Then I'd perform my first dry fit and hope that everything fit together correctly.  I'm pretty lucky.

Things I make usually fit together perfectly, but I've since learned that this is a terrible way to approach building furniture.  A single mistake halfway down the cut list could have ripple effects into the rest of the project.  Once a board is cut too short, there is little you can do to make it longer again.  Now you have to go and adjust the lengths of every other part of the project to compensate for one mistake.

Furthermore, my entire focus was on the end result.  My emotional state during the hours I spent in the woodshop was irrelevant.  It was the end result that mattered and the faster I got there the better.  I'd head out on Saturday morning with a plan for the day to get as much done as possible when I could have been enjoying my hobby instead.

A Better Way

The smarter approach is to build furniture in phases from the outside in.  For casework like this jewelry chest, I'm starting by building the legs and the parts that push the legs apart to a certain width and depth.  This creates the outer skeleton.

Start with the Outer Skeleton

Once that is fitting together nicely I'll probably throw out the cut list.  Almost all measurements for parts from there on out should come directly from the actual object in front of me.  If I need to make a door that fits between the front and back legs, I should measure the actual distance between the front and back legs, not refer to my cut list.  If I cut my skirt rails too short and my outer skeleton is a little narrower than the 3D model shows, my door will need to be 1/16" narrower than what I originally planned for.  No one will notice that the chest is 1/16" narrower than my original plan, but they'll notice that the door doesn't close all the way.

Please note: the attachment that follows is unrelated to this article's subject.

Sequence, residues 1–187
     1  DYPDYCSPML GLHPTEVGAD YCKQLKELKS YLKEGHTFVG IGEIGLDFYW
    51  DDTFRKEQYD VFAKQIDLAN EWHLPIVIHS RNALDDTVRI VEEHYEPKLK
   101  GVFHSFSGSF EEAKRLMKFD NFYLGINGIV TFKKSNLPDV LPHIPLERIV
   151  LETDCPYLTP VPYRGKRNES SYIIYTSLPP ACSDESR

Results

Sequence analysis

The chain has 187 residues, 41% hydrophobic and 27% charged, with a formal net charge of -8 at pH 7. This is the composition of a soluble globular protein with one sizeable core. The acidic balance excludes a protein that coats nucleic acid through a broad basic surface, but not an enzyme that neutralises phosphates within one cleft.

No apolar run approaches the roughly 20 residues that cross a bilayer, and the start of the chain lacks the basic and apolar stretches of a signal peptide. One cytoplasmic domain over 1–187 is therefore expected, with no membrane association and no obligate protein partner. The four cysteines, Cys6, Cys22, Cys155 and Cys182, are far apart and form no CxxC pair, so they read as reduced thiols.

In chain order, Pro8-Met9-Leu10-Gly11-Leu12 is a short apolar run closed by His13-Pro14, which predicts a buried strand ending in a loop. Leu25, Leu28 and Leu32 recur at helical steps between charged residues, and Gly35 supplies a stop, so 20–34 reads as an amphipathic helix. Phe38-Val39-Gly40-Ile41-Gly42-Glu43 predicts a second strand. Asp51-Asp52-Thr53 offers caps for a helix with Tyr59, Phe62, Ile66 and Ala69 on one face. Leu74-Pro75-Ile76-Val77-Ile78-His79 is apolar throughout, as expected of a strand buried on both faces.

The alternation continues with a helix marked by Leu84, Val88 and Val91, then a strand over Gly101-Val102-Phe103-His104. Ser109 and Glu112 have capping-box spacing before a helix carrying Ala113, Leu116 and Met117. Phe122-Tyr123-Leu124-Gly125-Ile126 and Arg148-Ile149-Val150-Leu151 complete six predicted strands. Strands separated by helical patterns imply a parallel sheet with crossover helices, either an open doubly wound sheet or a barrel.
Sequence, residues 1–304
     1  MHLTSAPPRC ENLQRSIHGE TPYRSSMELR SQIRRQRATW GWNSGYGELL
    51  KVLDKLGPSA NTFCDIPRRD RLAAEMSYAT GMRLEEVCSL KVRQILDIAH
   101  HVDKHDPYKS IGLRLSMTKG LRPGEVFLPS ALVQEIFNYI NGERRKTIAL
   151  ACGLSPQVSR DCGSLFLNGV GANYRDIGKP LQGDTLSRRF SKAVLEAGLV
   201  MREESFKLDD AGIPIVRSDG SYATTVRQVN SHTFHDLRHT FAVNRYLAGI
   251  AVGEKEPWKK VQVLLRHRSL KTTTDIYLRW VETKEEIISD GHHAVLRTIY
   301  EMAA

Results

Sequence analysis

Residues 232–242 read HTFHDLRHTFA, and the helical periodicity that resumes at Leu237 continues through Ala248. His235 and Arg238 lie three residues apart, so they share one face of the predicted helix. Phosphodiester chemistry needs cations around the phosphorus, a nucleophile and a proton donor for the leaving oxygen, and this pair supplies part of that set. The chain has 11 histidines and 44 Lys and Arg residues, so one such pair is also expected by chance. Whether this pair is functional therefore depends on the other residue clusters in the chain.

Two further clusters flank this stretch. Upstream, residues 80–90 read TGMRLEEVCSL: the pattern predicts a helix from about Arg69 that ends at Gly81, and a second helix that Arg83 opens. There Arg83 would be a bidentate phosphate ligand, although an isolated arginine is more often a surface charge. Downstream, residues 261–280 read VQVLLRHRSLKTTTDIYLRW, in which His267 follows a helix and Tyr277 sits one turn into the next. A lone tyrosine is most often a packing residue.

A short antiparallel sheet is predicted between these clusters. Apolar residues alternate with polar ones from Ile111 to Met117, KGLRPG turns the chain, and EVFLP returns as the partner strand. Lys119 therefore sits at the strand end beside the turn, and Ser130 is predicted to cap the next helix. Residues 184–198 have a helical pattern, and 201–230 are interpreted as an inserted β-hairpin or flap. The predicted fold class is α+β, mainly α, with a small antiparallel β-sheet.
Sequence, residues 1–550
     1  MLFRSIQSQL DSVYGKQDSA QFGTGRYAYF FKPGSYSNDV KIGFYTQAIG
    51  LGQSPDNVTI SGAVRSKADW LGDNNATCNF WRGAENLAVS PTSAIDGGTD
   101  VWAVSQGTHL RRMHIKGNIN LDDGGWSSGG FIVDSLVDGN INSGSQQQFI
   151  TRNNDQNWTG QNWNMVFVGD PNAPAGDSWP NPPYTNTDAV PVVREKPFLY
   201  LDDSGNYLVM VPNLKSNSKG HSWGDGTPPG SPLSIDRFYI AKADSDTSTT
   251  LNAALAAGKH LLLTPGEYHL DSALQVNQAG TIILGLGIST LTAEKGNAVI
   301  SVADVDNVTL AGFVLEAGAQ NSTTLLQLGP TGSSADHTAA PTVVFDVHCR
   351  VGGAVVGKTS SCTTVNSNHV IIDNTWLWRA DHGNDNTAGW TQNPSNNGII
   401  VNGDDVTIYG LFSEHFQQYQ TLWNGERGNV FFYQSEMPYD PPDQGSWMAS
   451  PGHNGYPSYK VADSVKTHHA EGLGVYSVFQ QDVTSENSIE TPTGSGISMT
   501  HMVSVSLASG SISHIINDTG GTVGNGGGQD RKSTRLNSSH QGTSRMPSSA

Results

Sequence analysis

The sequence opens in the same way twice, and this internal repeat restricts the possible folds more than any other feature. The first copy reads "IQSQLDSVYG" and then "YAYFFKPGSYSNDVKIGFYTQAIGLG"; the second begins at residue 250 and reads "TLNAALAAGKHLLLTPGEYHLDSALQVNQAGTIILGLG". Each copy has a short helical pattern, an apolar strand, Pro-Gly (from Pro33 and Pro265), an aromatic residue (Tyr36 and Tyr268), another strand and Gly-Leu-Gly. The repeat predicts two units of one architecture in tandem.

[Haha, I accidentally cut the skirt rails 1/16" too short and instead of continuing with the logic presented here, I just made the skirt rails over again.  I didn't want to start off the entire project with a mistake, so I started over.]

Once the outer skeleton is done, I'll move inward and make the drawer web frames.

Add in the Web Frames
Once those are in place I can move inward and measure for the drawers.
Add in the Drawers

Each part is custom-fit to whatever mistakes I made along the way.  If I'm 1/32" off here, or 1/16" off there... it's cool.  Whatever.  If it fits, it sits.

If it fits, I sits.

This removes the risk of one mistake rippling into a larger failure.  It also removes a lot of the opportunity for falling into an assembly-line mentality.

Project Update

Not one day into the project and I caught myself about to jump right into mass production mode.  This is going to be a long project no matter how I approach it, so I might as well try to enjoy it as much as possible.  I decided to hit the pause button and revise my approach so that I could build it from the outside in like those master woodworkers keep suggesting.

So what started as a simple to do list for my first days of the project got to be quite a bit more complicated.  I ended up creating a gantt chart for the entire project.

Sure, that sounds crazy and seems about as far as I can possibly be from the leisurely walk in the woods guy I mentioned earlier, but I can explain.

Mapping it out in a spreadsheet was an easy way to organize all the steps and keep track of which parts were prerequisites for other parts.  "I can't measure for Y until I finish building X."  So this is just my first attempt at internalizing the lessons I've learned above and putting them into action.
I've thought of ALL THE THINGS!

The end result is a big picture view of the entire project.  Each step makes sense, as does the whole, and now that I've thought about all the things, I can just focus on enjoying the act of making for the rest of the project.

It's a theory, anyway.

I've been using this spreadsheet for a few weeks now and it seems to work well for keeping me focused on which small step needs to be made in order for the project to continue.